A question was raised as to whether action could be taken on the Resolution at this meeting as it was noticed as a discussion item only.

    Ms. Miller asked if an action could be taken under Future Agenda Items.

    Commissioner Ammiano stated that items are introduced under Future Agenda Items.

    Commissioner Schmeltzer stated that the items are introduced and then are placed on the agenda for future hearings.

    Ms. Young stated, the reason we advertised this item in this manner is to allow the Commission an opportunity to discuss the items. If you look at the Resolution with respect to the Final Energy Services Study recommendations that Ms. Miller spoke to, there are a number of recommendations that could be folded into the Commission’s work plan. If you adopt the Resolution, what you are indicating is a desire to look at those recommendations as part of your future work plan. Then there is the other information under Item 4 that you had also requested in terms of looking at your future work plan. We put these two issues on as discussion items to allow you an opportunity to determine whether you want to fold those in. We can bring them back at your next meeting for adoption.

    Chairperson Gonzalez stated that the agenda, rather than saying "discussion regarding" or "action item regarding," should have the topic that we’re on. On a particular item as this, we probably should have calendared it as a Resolution. Then all of the things that you are indicating could have been done under that as well.

    Ms. Young stated that in order for the Resolution to be adopted, we should have listed the Resolution’s title as well.

    Ms. Miller apologized. It should have been an action item.

    Ms. Fellman stated that the agenda should say "adoption of the report" because we deferred adoption of the report until we had the Resolution. That way everyone will have notice of what we are doing.

4. Discussion regarding the San Francisco Local Agency Commission’s Future Work Plan.

    Ms. Young stated that at the last meeting, there was a determination by the Commission that they be provided with the Cortese-Knox-Hertzberg legal references, as well as what kind of service studies the LAFCo Commission could undertake in addition to looking into what was being done by other agencies. I will defer to our legal counsel, who prepared the report after contacting other Local Agency Formation Commissions in the state to determine what other areas the Commission could be reviewing other than the formation or annexation of districts.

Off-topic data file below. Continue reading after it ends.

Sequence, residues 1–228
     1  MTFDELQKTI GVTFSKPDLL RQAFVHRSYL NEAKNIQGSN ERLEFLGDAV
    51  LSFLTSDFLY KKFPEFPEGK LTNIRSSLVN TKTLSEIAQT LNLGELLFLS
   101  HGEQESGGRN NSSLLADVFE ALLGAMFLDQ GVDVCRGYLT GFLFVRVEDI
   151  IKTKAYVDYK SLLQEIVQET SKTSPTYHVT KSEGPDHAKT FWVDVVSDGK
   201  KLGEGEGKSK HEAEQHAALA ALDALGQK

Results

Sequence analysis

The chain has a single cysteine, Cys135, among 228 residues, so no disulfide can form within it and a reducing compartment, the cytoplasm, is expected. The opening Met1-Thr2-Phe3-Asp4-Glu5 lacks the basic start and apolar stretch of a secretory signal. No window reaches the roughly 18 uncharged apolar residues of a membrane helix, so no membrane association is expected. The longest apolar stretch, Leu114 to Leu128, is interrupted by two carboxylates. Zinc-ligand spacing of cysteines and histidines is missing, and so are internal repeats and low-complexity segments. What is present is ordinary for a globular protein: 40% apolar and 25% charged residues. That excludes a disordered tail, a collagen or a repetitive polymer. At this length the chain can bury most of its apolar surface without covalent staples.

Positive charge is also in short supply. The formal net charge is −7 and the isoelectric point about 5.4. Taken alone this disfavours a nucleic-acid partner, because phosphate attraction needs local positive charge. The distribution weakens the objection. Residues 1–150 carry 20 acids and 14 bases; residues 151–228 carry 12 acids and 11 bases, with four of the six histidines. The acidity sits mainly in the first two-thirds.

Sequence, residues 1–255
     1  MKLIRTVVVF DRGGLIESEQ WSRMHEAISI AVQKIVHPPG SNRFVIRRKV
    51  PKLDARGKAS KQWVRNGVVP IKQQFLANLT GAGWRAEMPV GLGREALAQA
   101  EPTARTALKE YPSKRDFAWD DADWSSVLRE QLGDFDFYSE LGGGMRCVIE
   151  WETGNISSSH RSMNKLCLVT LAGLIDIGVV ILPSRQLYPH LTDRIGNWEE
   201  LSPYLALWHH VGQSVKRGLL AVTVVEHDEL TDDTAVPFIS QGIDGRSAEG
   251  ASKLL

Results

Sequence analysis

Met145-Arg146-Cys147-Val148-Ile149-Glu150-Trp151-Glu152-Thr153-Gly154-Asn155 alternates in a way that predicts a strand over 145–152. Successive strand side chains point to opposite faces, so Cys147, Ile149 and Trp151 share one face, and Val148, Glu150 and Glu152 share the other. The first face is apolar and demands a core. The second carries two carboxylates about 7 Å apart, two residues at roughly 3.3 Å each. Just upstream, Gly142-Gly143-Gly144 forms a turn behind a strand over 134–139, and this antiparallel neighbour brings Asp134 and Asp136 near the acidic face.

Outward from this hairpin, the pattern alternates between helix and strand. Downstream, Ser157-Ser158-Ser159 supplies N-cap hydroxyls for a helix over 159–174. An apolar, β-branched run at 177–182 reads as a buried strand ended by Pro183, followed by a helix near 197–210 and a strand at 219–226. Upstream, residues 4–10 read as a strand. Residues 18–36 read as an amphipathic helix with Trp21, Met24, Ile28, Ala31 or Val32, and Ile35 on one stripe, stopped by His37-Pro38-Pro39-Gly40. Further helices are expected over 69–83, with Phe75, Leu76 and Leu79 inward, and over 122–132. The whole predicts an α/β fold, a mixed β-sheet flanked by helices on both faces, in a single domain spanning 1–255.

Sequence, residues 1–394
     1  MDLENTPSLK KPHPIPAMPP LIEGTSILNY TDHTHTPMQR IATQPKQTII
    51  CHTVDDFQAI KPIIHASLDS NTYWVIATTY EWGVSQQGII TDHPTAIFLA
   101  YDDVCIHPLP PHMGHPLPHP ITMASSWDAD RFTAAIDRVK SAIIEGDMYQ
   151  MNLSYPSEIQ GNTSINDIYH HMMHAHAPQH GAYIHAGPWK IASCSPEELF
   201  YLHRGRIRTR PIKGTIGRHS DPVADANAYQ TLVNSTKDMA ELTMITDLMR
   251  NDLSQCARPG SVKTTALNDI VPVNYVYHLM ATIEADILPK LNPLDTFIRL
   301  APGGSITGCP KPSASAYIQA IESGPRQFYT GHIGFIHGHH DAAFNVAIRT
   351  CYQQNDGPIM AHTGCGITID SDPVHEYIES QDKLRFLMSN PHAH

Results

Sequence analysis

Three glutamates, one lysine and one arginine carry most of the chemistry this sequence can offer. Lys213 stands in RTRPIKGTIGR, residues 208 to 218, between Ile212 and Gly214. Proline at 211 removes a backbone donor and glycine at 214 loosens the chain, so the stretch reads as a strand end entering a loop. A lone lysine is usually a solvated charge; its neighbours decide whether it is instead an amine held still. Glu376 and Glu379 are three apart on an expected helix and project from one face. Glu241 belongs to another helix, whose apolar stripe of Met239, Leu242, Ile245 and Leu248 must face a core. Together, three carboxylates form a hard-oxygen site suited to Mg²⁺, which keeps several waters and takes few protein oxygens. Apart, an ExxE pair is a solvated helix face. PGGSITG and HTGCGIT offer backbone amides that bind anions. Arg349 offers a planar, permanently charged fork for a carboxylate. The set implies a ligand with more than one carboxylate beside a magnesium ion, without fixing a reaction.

Ms. Miller stated that this is a short memo to give the Commission ideas of what is happening around the state with LAFCO’s and the special studies that they are doing. SF LAFCo is in a unique situation being a consolidated City and County. You don’t have special districts or other independent cities, but that does not preclude you from looking at municipal services and studying governmental services. The potential range of studies is fairly broad. It includes water studies, infrastructure studies, fire studies, a number of studies regarding growth and where to grow, and how to provide transportation and that kind of thing.

    The studies that I am most familiar with are ones that I am working on right now. In Sacramento County, we are looking at regional wastewater issues. They are doing a joint study with Yolo County on trying to regionalize some of the services instead of each municipality in each county providing their own. Some services are best provided from a regional standpoint. Waste water and sewage treatment is one of those. In San Luis Obispo, they are looking at infrastructure needs. The geography of that county is a lot different than what you have here. They are also looking at issues having to do with consolidating some services to try to get some economies of scale. In Nevada LAFCo, they are looking at water, which is a particular concern to the south slope of the Sierras. That is going to be a joint city and multi-county study. They are actually going beyond their boundaries in terms of looking at some of those issues with other LAFCo’s. Santa Cruz LAFCo is studying water, another large issue for them. They have actually completed their study regarding water supply and growth issues.

    A lot of these studies are looking out into the future with regards to service needs, growth, and infrastructure. In Riverside County, where they have had fairly large growth, their issues are basically municipal services and how to provide them, including parks, recreation, animal control, and electricity. Napa LAFCo has fairly stringent anti-growth policies so they are looking at the issue of municipal services being provided on smaller scales within the small cities, small towns, and even small developments where a development provides some of its own municipal services rather than a city or the county.

    In Santa Barbara, they have revenue issues and a city that hasn’t enlarged its borders in quite some time. There they have a lot of municipal service reviews going on and discussions going on with their county.

    Municipal service reviews are always helpful, and it would be something that is germane here. That is where you go in and take a look at a particular service, take an inventory of it, and decide whether it is providing the service efficiently, economically, and meeting the needs of your citizens. San Diego is looking at fire protection. The City is quite large geographically and they have fire issues due to lack of sufficient water in some parts of the community. Orange County has a number of special districts, probably exceeding any other county in the state. They are looking at consolidating a number of their districts. In Sacramento, I talked a little bit about waste water and sewage. They are also looking at fire protection. They have probably twenty-three different fire districts, and they are looking at consolidating those.